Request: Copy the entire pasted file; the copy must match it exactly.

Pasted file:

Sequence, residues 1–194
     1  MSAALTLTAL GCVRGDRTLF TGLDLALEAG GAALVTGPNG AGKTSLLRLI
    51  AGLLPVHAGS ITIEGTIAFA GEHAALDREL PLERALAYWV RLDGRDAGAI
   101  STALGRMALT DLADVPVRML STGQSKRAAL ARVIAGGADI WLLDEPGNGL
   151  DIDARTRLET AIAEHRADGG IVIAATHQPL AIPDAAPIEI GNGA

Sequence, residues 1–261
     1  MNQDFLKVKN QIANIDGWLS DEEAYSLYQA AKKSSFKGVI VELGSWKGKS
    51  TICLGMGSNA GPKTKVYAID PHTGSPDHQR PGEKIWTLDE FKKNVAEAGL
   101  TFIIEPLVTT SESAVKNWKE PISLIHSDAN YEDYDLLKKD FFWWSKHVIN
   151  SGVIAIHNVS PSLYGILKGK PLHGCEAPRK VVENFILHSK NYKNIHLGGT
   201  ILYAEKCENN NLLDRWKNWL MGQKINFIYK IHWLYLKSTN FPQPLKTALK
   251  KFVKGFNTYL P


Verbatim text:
Sequence, residues 1–194
     1  MSAALTLTAL GCVRGDRTLF TGLDLALEAG GAALVTGPNG AGKTSLLRLI
    51  AGLLPVHAGS ITIEGTIAFA GEHAALDREL PLERALAYWV RLDGRDAGAI
   101  STALGRMALT DLADVPVRML STGQSKRAAL ARVIAGGADI WLLDEPGNGL
   151  DIDARTRLET AIAEHRADGG IVIAATHQPL AIPDAAPIEI GNGA

Sequence, residues 1–261
     1  MNQDFLKVKN QIANIDGWLS DEEAYSLYQA AKKSSFKGVI VELGSWKGKS
    51  TICLGMGSNA GPKTKVYAID PHTGSPDHQR PGEKIWTLDE FKKNVAEAGL
   101  TFIIEPLVTT SESAVKNWKE PISLIHSDAN YEDYDLLKKD FFWWSKHVIN
   151  SGVIAIHNVS PSLYGILKGK PLHGCEAPRK VVENFILHSK NYKNIHLGGT
   201  ILYAEKCENN NLLDRWKNWL MGQKINFIYK IHWLYLKSTN FPQPLKTALK
   251  KFVKGFNTYL P